Sandy Hudson, right, a recent patient and Sunnybrook donor, received such good care from Filomena Madeira, left, that she nominated the personal care worker as a Champion of Care, a hospital-based employee recognition program. (Photograph by Kevin Van Paassen)
Sandy Hudson says she received terrific care from everyone at Sunnybrook, but it was the woman who took care of the little things who made the biggest difference each day.
Filomena Madeira, patient service partner, was her personal care worker during Sandy’s three-week stay in late 2016.
“She added a third dimension to my stay. She always had a smile. She washed my hair – the personal things that I couldn’t do for myself,” Sandy says.
Filomena made such a big difference that Sandy designated her as one of Sunnybrook’s Champions of Care. The Champions of Care program is a meaningful way for patients to acknowledge exceptional care received from someone special at Sunnybrook – a doctor, nurse, technician, volunteer or any staff member – in the form of a donation.
Launched in 2007, Champions of Care was the first hospital- based employee recognition program of its kind in Toronto. It was set up to let patients recognize the individuals and teams who demonstrate and provide outstanding care and treatment – those who make a difference in someone’s Sunnybrook experience.
Each Champion of Care receives an acknowledgement card and a commemorative pin to wear in recognition of the donor’s generosity. In its first two months alone, more than 100 pins were given to hospital staff members, and to date the program has received more than $1.2-million in donations honouring more than 1,600 caregivers.
Filomena says she wears her pin proudly, and Sandy is still effusive with praise for her caregiver months after returning home from hospital and rehabilitative care. To Sandy, now 71, Filomena was a Champion of Care because she always made an extra effort to ensure she was comfortable during a harrowing time.
It started when Sandy was admitted to Sunnybrook for three weeks after returning from a vacation in Scotland. Feeling unwell, she thought she had a cold at first, but just kept getting worse.
Sunnybrook’s team diagnosed Sandy with an autoimmune disease. Until her trip, she had been healthy; when she was admitted to Sunnybrook, her condition was so severe that she could not walk and could do little for herself.
“The doctors were absolutely fabulous, and so was the nursing staff. When you’re there for a long time, though, the people you see most are your personal care workers. Filomena was just awesome,” Sandy says.
“At the beginning of my stay, I needed a lot of personal help. Whenever I asked, she took care of me.”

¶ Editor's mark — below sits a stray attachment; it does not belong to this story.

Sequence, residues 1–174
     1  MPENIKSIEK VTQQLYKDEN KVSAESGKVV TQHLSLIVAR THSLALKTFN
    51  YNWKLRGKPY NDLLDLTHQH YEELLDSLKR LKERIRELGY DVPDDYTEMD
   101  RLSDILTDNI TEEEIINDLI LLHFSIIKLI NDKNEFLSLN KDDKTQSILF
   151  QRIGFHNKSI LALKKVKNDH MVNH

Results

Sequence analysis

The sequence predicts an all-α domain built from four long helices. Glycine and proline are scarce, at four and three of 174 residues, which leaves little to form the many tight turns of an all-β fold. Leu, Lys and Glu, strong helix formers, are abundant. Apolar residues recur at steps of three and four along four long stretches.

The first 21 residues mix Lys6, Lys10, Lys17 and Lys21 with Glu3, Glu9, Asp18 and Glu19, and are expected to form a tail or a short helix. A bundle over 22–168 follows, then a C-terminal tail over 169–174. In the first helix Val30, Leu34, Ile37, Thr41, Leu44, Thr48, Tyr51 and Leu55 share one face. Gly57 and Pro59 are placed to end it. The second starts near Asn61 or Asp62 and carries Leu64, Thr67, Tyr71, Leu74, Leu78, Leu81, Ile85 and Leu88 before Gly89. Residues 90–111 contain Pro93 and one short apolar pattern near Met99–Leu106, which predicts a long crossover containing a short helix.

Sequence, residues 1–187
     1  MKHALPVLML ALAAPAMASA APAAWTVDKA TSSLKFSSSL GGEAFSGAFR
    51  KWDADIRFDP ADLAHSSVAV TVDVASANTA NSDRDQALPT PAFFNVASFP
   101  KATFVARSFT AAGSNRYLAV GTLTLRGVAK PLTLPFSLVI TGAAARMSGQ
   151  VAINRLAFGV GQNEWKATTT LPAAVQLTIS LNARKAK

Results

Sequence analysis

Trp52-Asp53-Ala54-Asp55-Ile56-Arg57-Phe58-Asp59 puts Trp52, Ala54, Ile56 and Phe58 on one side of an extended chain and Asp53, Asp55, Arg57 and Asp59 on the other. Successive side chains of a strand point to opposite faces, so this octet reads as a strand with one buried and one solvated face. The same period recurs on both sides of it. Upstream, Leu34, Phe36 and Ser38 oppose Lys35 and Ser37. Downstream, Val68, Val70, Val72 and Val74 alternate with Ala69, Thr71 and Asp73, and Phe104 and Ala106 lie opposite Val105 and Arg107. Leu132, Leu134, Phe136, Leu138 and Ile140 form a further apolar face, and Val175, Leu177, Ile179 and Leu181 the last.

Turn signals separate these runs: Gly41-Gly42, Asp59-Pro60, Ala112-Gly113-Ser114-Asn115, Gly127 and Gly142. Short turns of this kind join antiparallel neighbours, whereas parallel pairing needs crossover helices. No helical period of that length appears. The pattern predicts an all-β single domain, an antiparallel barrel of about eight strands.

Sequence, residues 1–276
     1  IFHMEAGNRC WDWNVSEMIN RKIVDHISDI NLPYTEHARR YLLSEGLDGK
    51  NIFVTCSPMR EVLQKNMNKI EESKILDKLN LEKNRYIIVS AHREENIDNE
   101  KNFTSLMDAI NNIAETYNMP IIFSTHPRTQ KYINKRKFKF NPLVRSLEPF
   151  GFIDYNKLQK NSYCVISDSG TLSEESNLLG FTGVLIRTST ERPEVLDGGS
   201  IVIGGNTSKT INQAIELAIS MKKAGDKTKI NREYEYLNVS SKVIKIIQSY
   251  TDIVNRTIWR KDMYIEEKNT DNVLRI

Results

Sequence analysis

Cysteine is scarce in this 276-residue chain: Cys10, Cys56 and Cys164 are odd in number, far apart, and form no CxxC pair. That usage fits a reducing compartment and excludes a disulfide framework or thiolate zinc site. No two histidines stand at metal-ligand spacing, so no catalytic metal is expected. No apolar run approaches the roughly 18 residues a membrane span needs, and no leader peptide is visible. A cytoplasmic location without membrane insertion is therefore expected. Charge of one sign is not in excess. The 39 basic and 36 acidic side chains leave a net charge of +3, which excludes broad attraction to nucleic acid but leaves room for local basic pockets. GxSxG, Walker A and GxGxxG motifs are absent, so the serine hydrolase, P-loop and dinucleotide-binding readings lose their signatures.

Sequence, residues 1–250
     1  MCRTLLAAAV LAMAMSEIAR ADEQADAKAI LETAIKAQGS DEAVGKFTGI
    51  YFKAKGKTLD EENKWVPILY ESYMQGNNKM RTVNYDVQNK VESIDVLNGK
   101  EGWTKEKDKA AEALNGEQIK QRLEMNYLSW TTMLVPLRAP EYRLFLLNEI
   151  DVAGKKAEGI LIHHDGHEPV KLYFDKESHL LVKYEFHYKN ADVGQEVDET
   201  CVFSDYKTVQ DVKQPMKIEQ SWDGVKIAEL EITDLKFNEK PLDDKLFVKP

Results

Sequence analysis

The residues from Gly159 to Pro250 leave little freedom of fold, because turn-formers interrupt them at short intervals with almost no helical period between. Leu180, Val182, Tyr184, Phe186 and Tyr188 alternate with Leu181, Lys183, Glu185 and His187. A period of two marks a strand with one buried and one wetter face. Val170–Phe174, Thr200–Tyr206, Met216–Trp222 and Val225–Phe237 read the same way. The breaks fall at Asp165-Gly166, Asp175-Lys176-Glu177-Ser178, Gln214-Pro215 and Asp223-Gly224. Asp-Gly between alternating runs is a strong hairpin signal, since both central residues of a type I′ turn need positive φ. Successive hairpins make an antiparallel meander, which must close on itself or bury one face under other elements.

Filomena says Sandy was “wonderful,” but she gives all her patients at Sunnybrook the same kind of personal attention.
“When patients come, I introduce myself, tell them my name and let them know that whatever they need, I can help.” says Filomena, who has cared for patients at Sunnybrook for 29 years.
Sandy says after she came home from Sunnybrook, she received a survey in the mail asking whether she was happy with the care she received.
“I said yes to the nth degree for everything. I don’t in any way want to downplay the amazing work that everyone else did for me, but when the survey got to the part asking if I’d like to make a donation and nominate someone to their Champions of Care program, it had to be Filomena,” she says.
“She made such a big difference for me. When you can’t do things for yourself, that’s when you really notice.”
Filomena would help Sandy by doing everything from offering her a cup of tea to making sure she was not too warm or too cold. Perhaps her real secret, though, is that “I smile all the time. When I would come in and say good morning to Mrs. Hudson, she’d say, ‘You’re my angel!’ That was it.”
The generosity of donors like Sandy goes a long way to making sure that innovation at Sunnybrook is possible, in part because patients are able to choose which program area they would like their donation to benefit.
For patients, nominating a Champion of Care is a way of personalizing and recognizing the work individuals do at Sunnybrook; for recipients, it’s another reason to be proud of their dedicated service.
Today, Sandy’s condition is vastly improved. After her stay at Sunnybrook, she spent 10 days at St. John’s Rehab before returning home.
Now she is on medication that has stabilized her condition, making it possible for her to drive, sew and make meals in her own kitchen.
“The program I’m on through the rheumatology department appears to be working,” she says.
“I have to be really careful, but I’m feeling big-time better.”